The Arizona Perinatal Psychiatry Access Line (APAL), scheduled to open in June, will offer health care providers free consultations on how to treat pregnant and postpartum persons.
Funded through a $1.6 million grant from AHCCCS, partners at the University of Arizona College of Medicine – Tucson and Banner - University Medicine will launch a new service in June for health care providers who care for pregnant and postpartum persons experiencing mental health and substance use conditions. The project comes amid rising rates of mental illnesses and maternal mortality, and a shortage of psychiatric providers trained to care for pregnant and postpartum individuals.
“Through a cross-sector learning collaborative created with the Pregnant and Postpartum Women grant from the Substance Abuse and Mental Health Services Administration (SAMHSA), we learned that health care providers had a lot of trepidation around how to treat pregnant and postpartum patients with substance use disorder (SUD),” said Kate Dobler, project director for AHCCCS. “Two years ago we developed a plan to launch a learning collaborative for providers to be able to ask for help in treating pregnant and postpartum women with SUD. That cross-sector learning collaborative elevated the need to directly support providers to feel confident in treating perinatal mental health diagnoses, and now this phone line is a reality.”
One in five pregnant people suffer from a mental health condition during and up to one year after pregnancy. Perinatal mood, anxiety, and substance use disorders are the most common complications of pregnancy and are preventable causes of maternal, fetal and infant illness and death. APAL aims to provide health care professionals with the resources they need to effectively manage perinatal mental health disorders and improve outcomes for a vulnerable population in Arizona. APAL organizers also will collect data on trends of perinatal mental illness in Arizona in order to inform state and federal health care systems about the best models for care delivery.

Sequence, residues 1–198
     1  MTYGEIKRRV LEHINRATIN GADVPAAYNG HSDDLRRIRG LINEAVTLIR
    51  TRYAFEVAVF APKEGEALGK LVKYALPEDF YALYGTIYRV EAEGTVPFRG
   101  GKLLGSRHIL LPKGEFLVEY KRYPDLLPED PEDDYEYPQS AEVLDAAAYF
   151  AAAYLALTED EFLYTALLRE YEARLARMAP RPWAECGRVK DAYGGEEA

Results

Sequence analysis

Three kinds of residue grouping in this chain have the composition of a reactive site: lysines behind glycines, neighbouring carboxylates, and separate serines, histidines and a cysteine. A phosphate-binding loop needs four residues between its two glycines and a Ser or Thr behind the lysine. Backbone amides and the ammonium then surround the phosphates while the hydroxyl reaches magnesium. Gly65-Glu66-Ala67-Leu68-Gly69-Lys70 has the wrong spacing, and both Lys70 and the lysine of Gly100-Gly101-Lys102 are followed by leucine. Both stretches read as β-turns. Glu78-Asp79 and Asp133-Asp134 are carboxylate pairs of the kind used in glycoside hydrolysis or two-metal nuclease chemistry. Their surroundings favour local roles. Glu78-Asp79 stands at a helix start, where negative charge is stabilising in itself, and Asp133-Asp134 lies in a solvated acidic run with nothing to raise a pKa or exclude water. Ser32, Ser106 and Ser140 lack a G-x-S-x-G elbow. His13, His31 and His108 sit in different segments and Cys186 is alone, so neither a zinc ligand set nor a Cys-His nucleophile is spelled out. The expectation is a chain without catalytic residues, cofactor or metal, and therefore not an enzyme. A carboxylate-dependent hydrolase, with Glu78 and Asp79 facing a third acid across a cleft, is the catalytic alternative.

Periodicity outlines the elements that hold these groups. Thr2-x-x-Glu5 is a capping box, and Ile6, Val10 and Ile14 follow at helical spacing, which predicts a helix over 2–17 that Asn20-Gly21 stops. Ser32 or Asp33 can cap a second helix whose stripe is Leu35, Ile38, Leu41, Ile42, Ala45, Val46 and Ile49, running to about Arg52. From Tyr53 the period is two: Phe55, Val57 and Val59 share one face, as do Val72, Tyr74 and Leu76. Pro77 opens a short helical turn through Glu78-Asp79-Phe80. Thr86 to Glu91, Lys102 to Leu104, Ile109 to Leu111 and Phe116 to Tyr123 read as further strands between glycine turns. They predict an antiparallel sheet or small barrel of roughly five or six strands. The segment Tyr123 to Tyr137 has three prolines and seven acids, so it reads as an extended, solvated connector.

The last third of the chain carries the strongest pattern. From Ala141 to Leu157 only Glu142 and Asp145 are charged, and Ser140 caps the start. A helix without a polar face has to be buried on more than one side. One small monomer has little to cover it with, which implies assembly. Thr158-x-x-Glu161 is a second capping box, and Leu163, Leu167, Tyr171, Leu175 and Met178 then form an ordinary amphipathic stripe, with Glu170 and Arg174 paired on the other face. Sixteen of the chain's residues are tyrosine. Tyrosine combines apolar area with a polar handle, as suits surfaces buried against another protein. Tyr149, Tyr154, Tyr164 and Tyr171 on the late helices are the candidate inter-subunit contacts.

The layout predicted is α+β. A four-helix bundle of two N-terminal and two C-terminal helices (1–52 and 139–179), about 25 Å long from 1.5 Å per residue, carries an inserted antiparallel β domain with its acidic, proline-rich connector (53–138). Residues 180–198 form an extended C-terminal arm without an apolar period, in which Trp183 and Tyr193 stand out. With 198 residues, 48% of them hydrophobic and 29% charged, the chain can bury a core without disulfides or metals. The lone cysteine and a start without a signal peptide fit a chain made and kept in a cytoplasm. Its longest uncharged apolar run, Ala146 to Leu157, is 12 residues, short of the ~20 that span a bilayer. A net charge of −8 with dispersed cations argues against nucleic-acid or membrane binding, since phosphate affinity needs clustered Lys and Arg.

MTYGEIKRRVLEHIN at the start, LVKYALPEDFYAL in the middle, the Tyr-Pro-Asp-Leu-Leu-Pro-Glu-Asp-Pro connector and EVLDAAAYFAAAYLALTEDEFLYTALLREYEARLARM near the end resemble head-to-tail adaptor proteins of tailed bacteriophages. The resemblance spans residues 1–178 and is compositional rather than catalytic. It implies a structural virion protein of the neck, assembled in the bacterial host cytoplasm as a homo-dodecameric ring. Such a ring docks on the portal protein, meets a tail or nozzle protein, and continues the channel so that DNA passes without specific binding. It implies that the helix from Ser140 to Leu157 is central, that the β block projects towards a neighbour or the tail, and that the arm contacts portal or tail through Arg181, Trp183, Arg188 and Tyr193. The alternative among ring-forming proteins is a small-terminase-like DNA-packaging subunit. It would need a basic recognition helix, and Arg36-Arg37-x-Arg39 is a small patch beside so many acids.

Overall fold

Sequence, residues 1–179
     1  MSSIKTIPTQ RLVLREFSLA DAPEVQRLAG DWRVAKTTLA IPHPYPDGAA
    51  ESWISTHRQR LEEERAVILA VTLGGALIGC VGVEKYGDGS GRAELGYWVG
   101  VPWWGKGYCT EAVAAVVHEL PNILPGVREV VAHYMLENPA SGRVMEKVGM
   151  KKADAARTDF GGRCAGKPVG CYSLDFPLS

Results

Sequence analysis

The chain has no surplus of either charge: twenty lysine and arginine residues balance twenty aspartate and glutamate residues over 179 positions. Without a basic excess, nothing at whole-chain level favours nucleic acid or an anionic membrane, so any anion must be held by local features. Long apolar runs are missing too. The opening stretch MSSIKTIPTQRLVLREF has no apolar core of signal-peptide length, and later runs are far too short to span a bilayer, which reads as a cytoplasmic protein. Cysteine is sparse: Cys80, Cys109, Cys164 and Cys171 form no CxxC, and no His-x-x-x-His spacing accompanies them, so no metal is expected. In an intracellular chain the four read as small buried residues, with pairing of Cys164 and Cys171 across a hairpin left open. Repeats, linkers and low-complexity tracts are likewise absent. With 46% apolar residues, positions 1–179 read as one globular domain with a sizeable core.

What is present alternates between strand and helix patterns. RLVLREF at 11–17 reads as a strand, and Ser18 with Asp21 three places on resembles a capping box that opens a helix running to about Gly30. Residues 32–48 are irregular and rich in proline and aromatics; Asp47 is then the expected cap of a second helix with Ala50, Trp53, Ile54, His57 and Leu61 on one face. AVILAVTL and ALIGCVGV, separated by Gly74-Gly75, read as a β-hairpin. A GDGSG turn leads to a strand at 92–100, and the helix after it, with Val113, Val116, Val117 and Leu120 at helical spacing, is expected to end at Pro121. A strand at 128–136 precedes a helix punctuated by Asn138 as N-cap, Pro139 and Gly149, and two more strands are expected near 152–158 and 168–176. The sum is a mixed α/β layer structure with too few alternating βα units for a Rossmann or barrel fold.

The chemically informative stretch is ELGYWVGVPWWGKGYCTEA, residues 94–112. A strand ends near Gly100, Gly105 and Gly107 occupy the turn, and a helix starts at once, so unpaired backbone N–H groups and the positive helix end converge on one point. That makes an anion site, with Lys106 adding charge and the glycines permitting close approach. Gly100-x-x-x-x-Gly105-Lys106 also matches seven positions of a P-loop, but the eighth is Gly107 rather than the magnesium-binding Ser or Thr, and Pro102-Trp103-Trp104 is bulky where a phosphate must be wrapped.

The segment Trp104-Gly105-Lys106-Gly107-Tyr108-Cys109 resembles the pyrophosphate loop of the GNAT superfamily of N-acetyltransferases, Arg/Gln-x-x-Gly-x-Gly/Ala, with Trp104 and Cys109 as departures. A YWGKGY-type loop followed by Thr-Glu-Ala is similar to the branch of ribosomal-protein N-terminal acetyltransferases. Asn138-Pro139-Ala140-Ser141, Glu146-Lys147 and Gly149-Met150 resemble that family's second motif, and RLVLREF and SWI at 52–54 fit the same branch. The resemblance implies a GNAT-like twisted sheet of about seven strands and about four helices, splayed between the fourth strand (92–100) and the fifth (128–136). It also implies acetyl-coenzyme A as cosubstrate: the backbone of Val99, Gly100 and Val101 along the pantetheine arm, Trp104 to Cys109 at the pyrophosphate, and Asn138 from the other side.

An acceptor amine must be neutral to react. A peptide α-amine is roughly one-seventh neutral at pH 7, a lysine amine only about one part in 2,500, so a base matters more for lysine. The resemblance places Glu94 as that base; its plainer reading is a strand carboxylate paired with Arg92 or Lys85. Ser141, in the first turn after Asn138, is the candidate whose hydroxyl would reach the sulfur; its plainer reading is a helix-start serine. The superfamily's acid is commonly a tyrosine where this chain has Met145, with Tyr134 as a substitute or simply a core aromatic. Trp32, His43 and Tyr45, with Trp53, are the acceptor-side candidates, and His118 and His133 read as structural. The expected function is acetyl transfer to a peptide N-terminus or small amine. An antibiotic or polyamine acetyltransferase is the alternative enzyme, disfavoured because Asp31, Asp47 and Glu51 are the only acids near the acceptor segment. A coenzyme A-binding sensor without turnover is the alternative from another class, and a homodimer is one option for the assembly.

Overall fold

“In the face of a number of potential barriers to accessing mental health treatment, individuals who are in the perinatal period often face even more barriers, including a lack of providers who have specialized training in the intricacies of treatment for mood, anxiety, and substance use disorders in the perinatal period and which medications are safe for use in people who are pregnant or breastfeeding,” said Rachael Salley, maternal child health manager at AHCCCS.
The toll free APAL number, 1-888-290-1336, will go live on June 1. It will be open Monday through Friday from 12:30 p.m. to 4:30 p.m. through December 2023, and from 8 a.m. to 5 p.m. starting in January 2024. Health care providers will be connected to a perinatal psychiatrist to discuss their patient’s case and how to provide the best care. See the APAL flier to distribute to providers.